Supplementary Material for: Impact of Renal Disease on Patients with Hepatitis C: A Retrospective Analysis of Disease Burden, Clinical Outcomes, and Health Care Utilization and Cost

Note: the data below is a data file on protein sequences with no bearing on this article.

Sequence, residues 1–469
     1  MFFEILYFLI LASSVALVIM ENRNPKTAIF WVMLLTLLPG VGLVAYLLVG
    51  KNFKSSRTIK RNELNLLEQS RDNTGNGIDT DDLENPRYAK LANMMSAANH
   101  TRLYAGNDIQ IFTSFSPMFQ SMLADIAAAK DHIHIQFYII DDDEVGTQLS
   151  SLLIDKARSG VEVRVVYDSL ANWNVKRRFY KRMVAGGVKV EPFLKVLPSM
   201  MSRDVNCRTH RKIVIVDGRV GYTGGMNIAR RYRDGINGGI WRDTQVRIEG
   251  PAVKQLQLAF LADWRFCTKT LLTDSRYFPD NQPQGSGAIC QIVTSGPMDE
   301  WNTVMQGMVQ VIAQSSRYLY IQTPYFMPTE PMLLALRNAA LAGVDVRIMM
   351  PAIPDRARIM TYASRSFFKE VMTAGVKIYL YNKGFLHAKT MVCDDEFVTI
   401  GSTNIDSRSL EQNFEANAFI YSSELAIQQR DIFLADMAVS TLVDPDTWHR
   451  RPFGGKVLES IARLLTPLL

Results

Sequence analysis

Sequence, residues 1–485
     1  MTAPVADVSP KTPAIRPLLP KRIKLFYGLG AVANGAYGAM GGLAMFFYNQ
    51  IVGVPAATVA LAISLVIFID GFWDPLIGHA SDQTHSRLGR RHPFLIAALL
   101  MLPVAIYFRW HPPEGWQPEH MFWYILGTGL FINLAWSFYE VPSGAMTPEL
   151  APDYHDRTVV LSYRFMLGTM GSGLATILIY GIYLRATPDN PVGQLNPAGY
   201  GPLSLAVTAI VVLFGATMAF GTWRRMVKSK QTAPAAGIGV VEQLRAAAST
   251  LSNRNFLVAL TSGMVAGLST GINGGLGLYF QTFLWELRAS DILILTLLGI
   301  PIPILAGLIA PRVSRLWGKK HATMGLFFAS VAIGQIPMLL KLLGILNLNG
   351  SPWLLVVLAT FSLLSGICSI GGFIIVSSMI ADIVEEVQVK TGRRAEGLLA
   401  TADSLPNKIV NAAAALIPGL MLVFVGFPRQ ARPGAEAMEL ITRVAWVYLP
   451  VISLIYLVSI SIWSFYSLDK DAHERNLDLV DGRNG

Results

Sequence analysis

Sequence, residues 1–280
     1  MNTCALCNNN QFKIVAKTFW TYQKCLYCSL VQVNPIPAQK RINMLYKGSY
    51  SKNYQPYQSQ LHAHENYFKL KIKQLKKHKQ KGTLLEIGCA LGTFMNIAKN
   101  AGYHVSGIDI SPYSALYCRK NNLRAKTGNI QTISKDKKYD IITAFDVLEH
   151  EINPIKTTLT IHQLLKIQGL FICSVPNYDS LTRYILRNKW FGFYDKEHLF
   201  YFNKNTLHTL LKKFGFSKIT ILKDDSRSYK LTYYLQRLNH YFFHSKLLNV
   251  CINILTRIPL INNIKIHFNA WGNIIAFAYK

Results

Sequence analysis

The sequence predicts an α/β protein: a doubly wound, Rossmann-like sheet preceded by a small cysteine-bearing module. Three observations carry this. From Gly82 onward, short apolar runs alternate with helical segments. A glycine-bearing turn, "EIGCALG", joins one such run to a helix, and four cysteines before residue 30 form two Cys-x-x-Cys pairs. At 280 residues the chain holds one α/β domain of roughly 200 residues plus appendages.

Background/Aims: Few studies explore the magnitude of the disease burden and health care utilization imposed by renal disease among patients with hepatitis C virus (HCV). We aimed to describe the characteristics, outcomes, and health care utilization and costs of patients with HCV with and without renal impairment. Methods: This retrospective analysis used 2 administrative claims databases: the US commercially insured population in Truven Health MarketScan® data (aged 20-64 years), and the US Medicare fee-for-service population in the Medicare 20% sample (aged ≥65 years). Baseline characteristics and comorbid conditions were identified from claims during 2011; patients were followed for up to 1 year (beginning January 1, 2012) to identify health outcomes of interest and health care utilization and costs. Results: In the MarketScan and Medicare databases, 35,965 and 10,608 patients with HCV were identified, 8.5 and 26.5% with evidence of renal disease (chronic kidney disease [CKD] or end-stage renal disease [ESRD]). Most comorbid conditions and unadjusted outcome rates increased across groups from patients with no evidence of renal disease to non-ESRD CKD to ESRD. Health care utilization followed a similar pattern, as did the costs. Conclusions: Our findings suggest that HCV patients with concurrent renal disease have significantly more comorbidity, a higher likelihood of negative health outcomes, and higher health care utilization and costs.